Research Area

Network and Social Identity

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We research how individual networks and social identity interact

We aim to understand how individual networks and social identity interact with, and shape each other, with a particular attention to the role of multiple identities. We adopt a quantitative approach by (i) formulating new theoretical models; (ii) designing new empirical strategies; (iii) analysing a range of experimental data, large-scale surveys and randomised interventions and (iv) developing new measurements of social identities. 

 Some of the specific research questions we aim to answer are:

  • how do overlapping multiple social identities interact in the shaping of social networks;
  • to which extent do policies designed to promote integration need to take into account these interactions, (iii) how can we model the dynamic relationship between social identity and social networks,
  • how do social identity and social networks shape well-being, mental health and educational outcomes;
  • can we influence the way young people develop a sense of social self and will this causally affect their network structure;
  • what can explain waves of prejudice, antagonism, and violence within communities; and
  • can we devise policies that can reduce the probability that such events will take place?

Learn about our members' individual research interests by visiting their staff profiles listed below.

What is social identity? 

Social identity is a person’s sense of who they are based on their group membership. Identities can assume many dimensions (ethnicity, gender, age, class and political ideologies) and these different domains increasingly overlap at a time of digital connectedness. The significant role of social identity on economic, political and social outcomes is well studied. The literature focuses on whether individuals adopt or reject the behaviour of the groups most closely associated to their individual attributes and on how increasing contacts across groups may reduce intergroup conflicts.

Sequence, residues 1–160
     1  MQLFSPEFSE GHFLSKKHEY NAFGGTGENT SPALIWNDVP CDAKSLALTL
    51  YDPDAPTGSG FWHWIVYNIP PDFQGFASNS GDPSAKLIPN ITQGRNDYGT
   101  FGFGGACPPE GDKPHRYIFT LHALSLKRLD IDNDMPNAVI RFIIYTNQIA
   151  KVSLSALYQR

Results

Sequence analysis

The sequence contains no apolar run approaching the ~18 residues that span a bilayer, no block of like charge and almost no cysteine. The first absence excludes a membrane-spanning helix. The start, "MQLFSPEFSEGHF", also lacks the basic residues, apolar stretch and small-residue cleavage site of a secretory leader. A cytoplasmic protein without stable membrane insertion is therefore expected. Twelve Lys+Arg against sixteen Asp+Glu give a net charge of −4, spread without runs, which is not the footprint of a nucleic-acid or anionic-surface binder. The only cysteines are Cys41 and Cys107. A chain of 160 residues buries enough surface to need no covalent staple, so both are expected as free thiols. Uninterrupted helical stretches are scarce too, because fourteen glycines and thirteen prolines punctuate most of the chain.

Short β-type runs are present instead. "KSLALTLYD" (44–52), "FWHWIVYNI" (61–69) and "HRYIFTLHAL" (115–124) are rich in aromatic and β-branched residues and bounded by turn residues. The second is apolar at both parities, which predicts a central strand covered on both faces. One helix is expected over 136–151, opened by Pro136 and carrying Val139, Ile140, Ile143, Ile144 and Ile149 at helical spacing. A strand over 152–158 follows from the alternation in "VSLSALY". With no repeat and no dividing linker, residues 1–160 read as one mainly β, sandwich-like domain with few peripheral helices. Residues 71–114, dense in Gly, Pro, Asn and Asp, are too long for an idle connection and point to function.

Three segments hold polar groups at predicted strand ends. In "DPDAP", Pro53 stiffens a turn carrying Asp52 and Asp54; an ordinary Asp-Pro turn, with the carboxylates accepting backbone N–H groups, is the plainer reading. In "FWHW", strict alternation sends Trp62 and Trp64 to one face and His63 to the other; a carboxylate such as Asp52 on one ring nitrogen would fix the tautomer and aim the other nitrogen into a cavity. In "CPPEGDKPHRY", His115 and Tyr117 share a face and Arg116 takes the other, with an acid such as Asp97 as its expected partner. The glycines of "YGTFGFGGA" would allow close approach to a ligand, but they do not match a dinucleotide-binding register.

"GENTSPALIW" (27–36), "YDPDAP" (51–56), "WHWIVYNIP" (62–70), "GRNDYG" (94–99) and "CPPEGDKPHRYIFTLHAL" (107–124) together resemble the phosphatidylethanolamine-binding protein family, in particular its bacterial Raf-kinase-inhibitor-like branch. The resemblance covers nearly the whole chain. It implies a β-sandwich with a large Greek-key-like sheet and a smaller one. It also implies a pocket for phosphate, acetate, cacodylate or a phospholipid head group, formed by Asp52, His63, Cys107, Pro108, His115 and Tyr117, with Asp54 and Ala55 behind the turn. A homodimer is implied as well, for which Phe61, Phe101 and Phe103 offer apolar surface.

How do we research social identity?

Due to lack of adequate data and the complexity of theoretical models, the fact that social identity and group formation may dynamically co-evolve is largely ignored within the quantitative strand of the literature. This omission may have important ramifications for the design of economic and social policies. Whenever social identities and personal interactions are involved then many studies suggest that network and identity shape each other. For example, the friendships that form at university may depend on religious identity, but religious beliefs are also modified by the social circles a student is exposed to. Other examples include situations in which an individual acquires a new social identity thanks to the exposure to new ideas through social networks, such as the popular unrest in the 2011 London riots, or the very recent “#me too” movement.

Our research outputs


Working papers

Loss Aversion and Conspicuous Consumption in Networks,” Y. Bramoullé and C. Ghiglino, CEPR Discussion Paper 17181, April 2022.

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Contact us
Chair of Research Area Professor Christian Ghiglino
Department of Economics, University of Essex
Departmental Director of Research Dr Rosella Argenziano
Department of Economics, University of Essex